Given these benefits, why are we seeing so many battery-powered Teslas on the road and very few hydrogen cars? Many states haven’t invested in hydrogen refueling stations because they’re so expensive to build. It costs nearly $2 million to build a hydrogen refueling station. As such, there are currently fewer than 70 hydrogen refueling stations in the country, nearly all of which are in California. In comparison, you can charge a car powered by a lithium-ion battery by plugging it into a standard power outlet at home.
Fuel cells see more widespread use as stationary power sources. They’re far more efficient than traditional power plants that burn fossil fuels. According to the U.S. Department of Energy, fuel cell systems can generate electricity with efficiencies of up to 60 percent, far greater than the 33 to 35 percent efficiency of a traditional power plant.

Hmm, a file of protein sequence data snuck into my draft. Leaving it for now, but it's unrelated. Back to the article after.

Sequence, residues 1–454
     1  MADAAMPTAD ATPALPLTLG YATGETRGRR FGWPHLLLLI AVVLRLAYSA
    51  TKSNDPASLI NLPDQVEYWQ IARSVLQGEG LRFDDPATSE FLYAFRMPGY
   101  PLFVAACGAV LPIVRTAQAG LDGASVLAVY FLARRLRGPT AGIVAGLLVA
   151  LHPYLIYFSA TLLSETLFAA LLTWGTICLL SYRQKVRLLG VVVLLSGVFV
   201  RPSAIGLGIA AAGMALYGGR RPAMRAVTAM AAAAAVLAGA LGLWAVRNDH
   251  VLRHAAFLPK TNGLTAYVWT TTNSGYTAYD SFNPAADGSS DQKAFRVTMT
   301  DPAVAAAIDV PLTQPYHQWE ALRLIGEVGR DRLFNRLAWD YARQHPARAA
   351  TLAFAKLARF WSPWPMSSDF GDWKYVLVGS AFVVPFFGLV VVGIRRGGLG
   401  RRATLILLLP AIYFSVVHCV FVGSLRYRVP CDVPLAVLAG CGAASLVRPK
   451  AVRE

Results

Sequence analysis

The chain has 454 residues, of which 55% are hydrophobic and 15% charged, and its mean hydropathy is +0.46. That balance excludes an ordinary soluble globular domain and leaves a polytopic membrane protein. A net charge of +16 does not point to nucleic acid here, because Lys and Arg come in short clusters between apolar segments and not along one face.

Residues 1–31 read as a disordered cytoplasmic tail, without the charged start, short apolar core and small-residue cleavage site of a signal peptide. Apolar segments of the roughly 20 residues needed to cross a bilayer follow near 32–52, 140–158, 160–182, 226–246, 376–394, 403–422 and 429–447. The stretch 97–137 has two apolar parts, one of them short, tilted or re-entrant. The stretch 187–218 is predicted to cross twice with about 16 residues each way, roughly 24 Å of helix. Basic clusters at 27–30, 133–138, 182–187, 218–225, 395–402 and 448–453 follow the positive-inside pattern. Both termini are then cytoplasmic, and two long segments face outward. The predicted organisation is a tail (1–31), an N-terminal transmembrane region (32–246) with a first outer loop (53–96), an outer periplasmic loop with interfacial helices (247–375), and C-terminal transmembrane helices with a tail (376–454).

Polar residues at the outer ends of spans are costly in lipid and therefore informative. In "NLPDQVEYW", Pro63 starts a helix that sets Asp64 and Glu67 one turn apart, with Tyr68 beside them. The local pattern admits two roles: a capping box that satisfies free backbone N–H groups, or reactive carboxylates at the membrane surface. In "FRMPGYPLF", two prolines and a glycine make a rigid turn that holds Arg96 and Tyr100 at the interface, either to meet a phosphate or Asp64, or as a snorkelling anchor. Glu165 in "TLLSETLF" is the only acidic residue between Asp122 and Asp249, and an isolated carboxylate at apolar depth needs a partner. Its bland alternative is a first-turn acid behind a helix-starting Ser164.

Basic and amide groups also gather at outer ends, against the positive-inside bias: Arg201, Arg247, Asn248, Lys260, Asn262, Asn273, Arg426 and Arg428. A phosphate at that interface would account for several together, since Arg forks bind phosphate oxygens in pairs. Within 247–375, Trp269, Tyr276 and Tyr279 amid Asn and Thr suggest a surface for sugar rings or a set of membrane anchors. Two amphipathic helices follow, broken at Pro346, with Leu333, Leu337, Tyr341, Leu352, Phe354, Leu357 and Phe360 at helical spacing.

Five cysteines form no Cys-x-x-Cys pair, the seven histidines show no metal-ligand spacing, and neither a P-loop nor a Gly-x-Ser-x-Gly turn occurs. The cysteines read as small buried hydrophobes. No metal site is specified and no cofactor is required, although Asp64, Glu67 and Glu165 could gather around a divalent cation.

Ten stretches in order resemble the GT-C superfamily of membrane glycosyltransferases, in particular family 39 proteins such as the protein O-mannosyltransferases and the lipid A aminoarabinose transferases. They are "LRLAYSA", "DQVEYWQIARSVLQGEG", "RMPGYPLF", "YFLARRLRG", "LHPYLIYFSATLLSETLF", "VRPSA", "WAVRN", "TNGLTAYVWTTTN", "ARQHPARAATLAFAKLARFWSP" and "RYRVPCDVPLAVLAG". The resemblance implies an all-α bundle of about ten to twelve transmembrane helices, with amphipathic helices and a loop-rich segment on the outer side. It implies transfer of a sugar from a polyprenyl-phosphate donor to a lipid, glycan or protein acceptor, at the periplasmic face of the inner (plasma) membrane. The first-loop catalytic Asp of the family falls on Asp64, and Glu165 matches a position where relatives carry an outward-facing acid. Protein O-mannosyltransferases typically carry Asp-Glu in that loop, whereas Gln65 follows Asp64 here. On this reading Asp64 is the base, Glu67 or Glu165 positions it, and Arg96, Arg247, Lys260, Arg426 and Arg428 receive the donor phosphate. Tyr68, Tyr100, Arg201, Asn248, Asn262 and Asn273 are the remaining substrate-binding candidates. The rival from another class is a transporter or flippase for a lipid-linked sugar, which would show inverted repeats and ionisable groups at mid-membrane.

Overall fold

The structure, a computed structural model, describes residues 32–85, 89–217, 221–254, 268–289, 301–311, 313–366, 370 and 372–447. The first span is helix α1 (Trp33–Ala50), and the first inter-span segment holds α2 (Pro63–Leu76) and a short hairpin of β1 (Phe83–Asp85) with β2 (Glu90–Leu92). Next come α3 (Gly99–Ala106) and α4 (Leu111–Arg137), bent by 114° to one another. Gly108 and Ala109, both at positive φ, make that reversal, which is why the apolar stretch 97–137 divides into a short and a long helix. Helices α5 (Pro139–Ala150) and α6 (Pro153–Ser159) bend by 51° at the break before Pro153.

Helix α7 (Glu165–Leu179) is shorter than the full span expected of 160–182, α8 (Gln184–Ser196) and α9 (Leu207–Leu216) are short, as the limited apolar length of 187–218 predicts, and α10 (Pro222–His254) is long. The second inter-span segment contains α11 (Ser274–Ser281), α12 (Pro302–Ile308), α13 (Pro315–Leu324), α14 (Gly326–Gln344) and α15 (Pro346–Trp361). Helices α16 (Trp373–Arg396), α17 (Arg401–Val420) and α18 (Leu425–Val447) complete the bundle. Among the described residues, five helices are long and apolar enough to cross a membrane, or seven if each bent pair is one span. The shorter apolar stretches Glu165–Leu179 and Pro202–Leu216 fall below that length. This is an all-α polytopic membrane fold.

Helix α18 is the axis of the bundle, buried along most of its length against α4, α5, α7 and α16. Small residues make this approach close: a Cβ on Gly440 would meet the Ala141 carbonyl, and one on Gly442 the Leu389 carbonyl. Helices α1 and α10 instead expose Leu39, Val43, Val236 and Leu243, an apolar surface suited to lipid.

7 Types of Fuel Cells to Know
While the polymer electrolyte membrane (PEM) may be the most common among the types of fuel cells, there are six other examples of fuel cells that have paved the way for today’s fuel cell technology, are currently in use, or are under development:
- Polymer Electrolyte Membrane (PEM): The most common type of fuel cell is smaller and lighter than other fuel cells. PEM fuel cells, which run off of hydrogen, water, and oxygen, are lightweight compared to other fuel cells and operate at a relatively low maximum temperature of about 176 degrees Fahrenheit. With these characteristics, hydrogen fuel cells are the ideal choice for fuel cell electric vehicles.